A proud tradition: Former Hayfield coach inducted into wrestling Hall of Fame

Published 7:01 am Monday, May 22, 2017

HAYFIELD — Back in the mid 1990s Hayfield was the hub of wrestling in Southeast Minnesota and a big reason for that was Mark Voyce, who was recently inducted into the Minnesota Wrestling Hall of Fame.

Voyce finished with a record of 186-94-1 overall as a head coach, his teams went to the Minnesota Class A State Wrestling Meet three times and they won the 1997 Class AA state title. Voyce coached 52 individual wrestlers to the state tournament, with 31 of them being place-winners and 11 winning state championships.

Voyce still teaches at Hayfield schools, however he’s not one to draw attention to himself. He mostly likes to look back fondly on his time at the helm for the Vikings.

Email newsletter signup

“When I hear Hayfield, I hear wrestling and I’m proud to be part of that tradition,” Voyce said. “When I first came here, our athletes were unbelievable. We had kids that wrestled 150 or 200 matches a year. We had all kinds of talent here and it wasn’t what I did. All I had to do is practice hard and then just get out of the way during meets and let them do what they were really good at.”

Klaus Alberts wrestled on the 1997 state championship team and he won an individual state championship at 145 pounds under Voyce. He also went on to wrestle as an All-American at St. Cloud State University. Alberts gives Voyce a lot of credit for letting him wrestle the way he wanted to instead of trying to change his style.

“I came to Hayfield from a different school where they didn’t like it if you did things differently. Mark looked at us all individually and taught us it was OK to be different,” Alberts said. “ I wasn’t recruited very highly because I did things that way. A lot of people would’ve written me off because I wasn’t good at most good things wrestlers were good at. Mark helped me with that.”

Voyce was a calm leader in the wrestling room and Alberts said he only got mad one time in practice. A lot of Hayfield’s wrestlers went on to have success in either college wrestling or the military, according to Alberts.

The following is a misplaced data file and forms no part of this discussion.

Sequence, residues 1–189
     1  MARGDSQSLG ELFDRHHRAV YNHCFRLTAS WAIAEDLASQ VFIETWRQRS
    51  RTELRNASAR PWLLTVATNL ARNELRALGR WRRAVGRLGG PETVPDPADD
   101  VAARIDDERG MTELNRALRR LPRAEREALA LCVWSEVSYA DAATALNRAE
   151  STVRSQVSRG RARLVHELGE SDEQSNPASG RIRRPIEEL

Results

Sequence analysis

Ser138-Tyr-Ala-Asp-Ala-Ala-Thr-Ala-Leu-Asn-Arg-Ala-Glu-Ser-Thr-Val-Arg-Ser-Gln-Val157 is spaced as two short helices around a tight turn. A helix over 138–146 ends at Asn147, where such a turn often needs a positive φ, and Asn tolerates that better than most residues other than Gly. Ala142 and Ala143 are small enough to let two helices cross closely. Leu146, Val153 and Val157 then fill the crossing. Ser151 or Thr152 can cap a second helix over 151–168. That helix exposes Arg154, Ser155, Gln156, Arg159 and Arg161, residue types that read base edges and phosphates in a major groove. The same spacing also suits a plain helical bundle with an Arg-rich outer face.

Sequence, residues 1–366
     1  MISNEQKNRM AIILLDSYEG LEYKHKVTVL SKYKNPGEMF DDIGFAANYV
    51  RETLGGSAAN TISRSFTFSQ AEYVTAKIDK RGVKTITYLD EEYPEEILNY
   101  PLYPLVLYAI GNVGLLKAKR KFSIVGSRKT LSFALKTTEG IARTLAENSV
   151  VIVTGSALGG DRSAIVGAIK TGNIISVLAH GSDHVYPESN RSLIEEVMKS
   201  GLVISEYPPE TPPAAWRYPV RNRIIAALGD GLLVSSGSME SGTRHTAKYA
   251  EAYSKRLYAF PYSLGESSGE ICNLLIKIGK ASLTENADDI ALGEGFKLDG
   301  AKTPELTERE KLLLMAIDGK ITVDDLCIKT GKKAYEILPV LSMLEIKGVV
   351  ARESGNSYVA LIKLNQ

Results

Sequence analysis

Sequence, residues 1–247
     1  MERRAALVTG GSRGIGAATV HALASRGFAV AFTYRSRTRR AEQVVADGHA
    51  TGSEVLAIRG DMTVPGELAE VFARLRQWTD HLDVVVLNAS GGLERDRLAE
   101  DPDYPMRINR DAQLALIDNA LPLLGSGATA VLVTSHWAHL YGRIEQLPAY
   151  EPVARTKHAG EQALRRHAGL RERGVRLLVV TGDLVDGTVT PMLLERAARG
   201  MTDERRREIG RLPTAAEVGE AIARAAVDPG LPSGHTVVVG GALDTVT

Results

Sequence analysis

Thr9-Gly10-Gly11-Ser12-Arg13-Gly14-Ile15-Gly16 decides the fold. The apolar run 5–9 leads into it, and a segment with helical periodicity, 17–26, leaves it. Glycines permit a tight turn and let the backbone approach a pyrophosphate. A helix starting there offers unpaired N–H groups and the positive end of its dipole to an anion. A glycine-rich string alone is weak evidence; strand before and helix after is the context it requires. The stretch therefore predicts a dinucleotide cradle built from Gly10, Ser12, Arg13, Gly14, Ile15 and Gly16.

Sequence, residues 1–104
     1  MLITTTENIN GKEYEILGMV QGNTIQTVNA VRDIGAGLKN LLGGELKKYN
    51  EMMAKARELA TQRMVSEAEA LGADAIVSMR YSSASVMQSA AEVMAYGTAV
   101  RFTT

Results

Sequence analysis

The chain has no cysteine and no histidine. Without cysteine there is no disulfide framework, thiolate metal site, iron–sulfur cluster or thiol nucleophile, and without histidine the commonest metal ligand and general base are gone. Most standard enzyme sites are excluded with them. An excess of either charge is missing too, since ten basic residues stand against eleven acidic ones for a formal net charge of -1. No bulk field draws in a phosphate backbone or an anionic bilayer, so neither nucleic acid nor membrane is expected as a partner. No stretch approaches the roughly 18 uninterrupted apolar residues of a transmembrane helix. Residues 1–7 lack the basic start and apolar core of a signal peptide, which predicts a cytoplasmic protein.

“Mr. Voyce was the last person anyone on that team wanted to let down,” Alberts said. “The kids who came out of that room did pretty well and Mark was a big reason why.”

Brett Bartholomaus also wrestled on the Hayfield state championship team in 1997 and he is now the head wrestling coach at Red Rock Central. Bartholomaus inducted Voyce into the Hall of Fame at the induction ceremony.

“I think Mark and Dave Erickson built something that was pretty special and you don’t see that in every community. What they built was pretty spectacular,” Bartholomaus said. “I think everybody saw that [Voyce] was a good teacher, a good role model and just an all around good person that took a lot of pride in allowing people to accomplish things. We knew he was in it for the right reasons and it was easy for me to see that. He’s in the Hall of Fame and that’s where he deserves to be.”

Voyce said the key to Hayfield’s success over the years was the amount of wrestlers in the room that were able to push each other every day. Voice relished his time in the practice room as he saw it as an opportunity to teach the sport.

“I always considered practice as my teaching [time] and when we went to meets, that was my coaching [time],” Voyce said. “I expected kids to stay focused and pay attention just like in class. I helped them do what they do well in the practice room and I tried to put them in the best positions when they wrestled in meets.”

Voyce said he mostly relishes the memories and the relationships he had with the wrestlers he coached. Voyce also appreciates the life lessons that wrestling teaches.

“Wrestling helps you with your self discipline. A lot of guys that I know who were really successful, they set goals, they achieved those goals and then they set new goals,” Voyce said. “I think that’s really important. We talked a lot about in our practice room for guys to think about what they wanted to accomplishment.”

While Hayfield no longer has its own wrestling team as it shared a co-op team with Blooming Prairie called the Westfield Razorbacks this past winter. Westfield sent five wrestlers to the Minnesota Class A state wrestling meet this year and two of them ended up on the podium. Voyce went into the wrestling room and helped the team out whenever he got a chance.

“It was a big plus for both districts,” Voyce said of the co-op. “It was hard to find practice partners the previous year. This year the room was full again and his were having success. It’s because of Shane [Masching], Chad [Gimbel] and Brad [Heydt] that they’re having that success. I think having a full wrestling room makes a big difference.”

Voyce is attended high school in Knoxville, Iowa and he graduated from there in 1979. In high school, he had a record of 85-15 and he went on to wrestle at Cornell College in Iowa. He began coaching at Hayfield in 1986 as an assistant to Hall of Fame Coach Dave Erickson, then co-coached with Dave Erickson, and he continued until 1998.